4 Ceva, Emanuela and Ferretti, Maria Paola, “Liberal Democratic Institutions and the Damages of Political Corruption,” The Ethics Forum 9 (2014): 126–45;Google Scholar Ceva, Emanuela and Ferretti, Maria Paola, “Political Corruption,” Philosophy Compass 12 (2017): https://doi.org/10.1111/phc3.12461;CrossRefGoogle Scholar and Ceva, Emanuela and Ferretti, Maria Paola, “Political Corruption, Individual Behaviour, and the Quality of Institutions,” Politics, Philosophy and Economics, 17 (2018): 216–31.CrossRefGoogle Scholar
5 See, respectively, Thompson, Ethics in Congress; Thompson, “Two Concepts of Corruption: Making Electoral Campaigns Safe for Democracy”; and Lessig, “Institutional Corruption”; Lessig, “Institutional Corruption Defined”; Lessig, Lawrence, “What an Originalist Would Understand ‘Corruption’ to Mean,” California Law Review 102 (2004): 1–24;Google Scholar Lessig, Lawrence, “Corrupt and Unequal, Both,” Fordham Law Review 84 (2015): 445–52.Google Scholar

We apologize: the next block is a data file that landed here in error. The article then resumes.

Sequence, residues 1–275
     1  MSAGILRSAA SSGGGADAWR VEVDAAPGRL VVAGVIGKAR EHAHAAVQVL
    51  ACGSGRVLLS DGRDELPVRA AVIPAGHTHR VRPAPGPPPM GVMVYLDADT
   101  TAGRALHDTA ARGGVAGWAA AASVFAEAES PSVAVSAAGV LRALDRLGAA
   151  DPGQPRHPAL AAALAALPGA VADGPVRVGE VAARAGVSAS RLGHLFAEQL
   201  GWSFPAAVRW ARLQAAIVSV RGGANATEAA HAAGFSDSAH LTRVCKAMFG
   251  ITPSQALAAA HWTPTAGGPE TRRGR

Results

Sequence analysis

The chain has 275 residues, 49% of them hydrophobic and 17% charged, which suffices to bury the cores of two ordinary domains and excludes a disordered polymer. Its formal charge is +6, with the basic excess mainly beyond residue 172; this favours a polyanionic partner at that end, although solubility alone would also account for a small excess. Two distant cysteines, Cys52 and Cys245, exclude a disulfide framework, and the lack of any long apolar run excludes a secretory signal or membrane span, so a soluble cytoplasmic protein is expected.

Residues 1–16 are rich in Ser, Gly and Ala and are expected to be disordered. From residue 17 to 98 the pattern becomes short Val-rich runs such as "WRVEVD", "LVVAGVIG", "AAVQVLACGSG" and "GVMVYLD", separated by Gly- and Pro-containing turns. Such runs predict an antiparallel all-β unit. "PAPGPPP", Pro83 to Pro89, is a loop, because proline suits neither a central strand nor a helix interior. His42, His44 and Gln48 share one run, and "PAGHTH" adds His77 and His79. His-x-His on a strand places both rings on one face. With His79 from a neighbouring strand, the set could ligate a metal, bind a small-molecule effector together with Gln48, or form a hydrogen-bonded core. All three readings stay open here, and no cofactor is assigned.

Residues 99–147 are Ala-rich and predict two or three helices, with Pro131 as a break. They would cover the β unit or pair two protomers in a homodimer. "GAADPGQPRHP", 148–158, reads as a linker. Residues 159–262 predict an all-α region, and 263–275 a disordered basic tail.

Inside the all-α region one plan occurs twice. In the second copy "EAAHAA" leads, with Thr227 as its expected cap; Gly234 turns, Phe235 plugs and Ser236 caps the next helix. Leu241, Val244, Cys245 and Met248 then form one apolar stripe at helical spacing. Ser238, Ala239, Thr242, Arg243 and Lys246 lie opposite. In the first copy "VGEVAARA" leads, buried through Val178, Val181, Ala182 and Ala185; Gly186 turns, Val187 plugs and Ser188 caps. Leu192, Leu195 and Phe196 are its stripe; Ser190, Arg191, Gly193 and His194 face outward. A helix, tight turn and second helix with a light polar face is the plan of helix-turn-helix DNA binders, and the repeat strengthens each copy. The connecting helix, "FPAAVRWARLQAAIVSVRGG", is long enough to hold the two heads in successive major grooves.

6 Lessig, “Institutional Corruption Defined,” 553.
8 See Thompson, “Two Concepts of Corruption: Making Electoral Campaigns Safe for Democracy.”
9 Ibid.; Thompson, Dennis, “Two Concepts of Corruption,” Edmond J. Safra Research Lab Working Papers 16 (2013): 1–24.Google Scholar
10 For a discussion of the relation between individual and systemic manifestations of political corruption, see Ferretti, Maria Paola, “A Taxonomy of Institutional Corruption,” in this issue of Social Philosophy and Policy, 242–63.Google Scholar
12 See Lessig “Institutional Corruption Defined,” 553.
13 For an impartiality-based discussion of corruption, see Kolstad, Ivar, “Corruption as a Violation of Distributed Ethical Obligations,” Journal of Global Ethics 8 (2012): 239–302;CrossRefGoogle Scholar Rothstein, Bo and Teorell, John, “What is Quality of Government: A Theory of Impartial Political Institutions,” Governance 21 (2008): 165–90;CrossRefGoogle Scholar Rothstein, Bo and Varraich, Aiysha, Making Sense of Corruption (Cambridge: Cambridge University Press, 2017).CrossRefGoogle Scholar
14 Ceva and Ferretti, “Political Corruption, Individual Behaviour, and the Quality of Institutions.”
15 See ibid.; Warren, “What Does Corruption Mean in a Democracy.”
16 See Amundsen, “Political Corruption: An Introduction to the Issues,” 3.
17 See Ceva and Ferretti, “Liberal Democratic Institutions and the Damages of Political Corruption”; Ceva and Ferretti, “Political Corruption, Individual Behavior, and the Quality of Institutions.”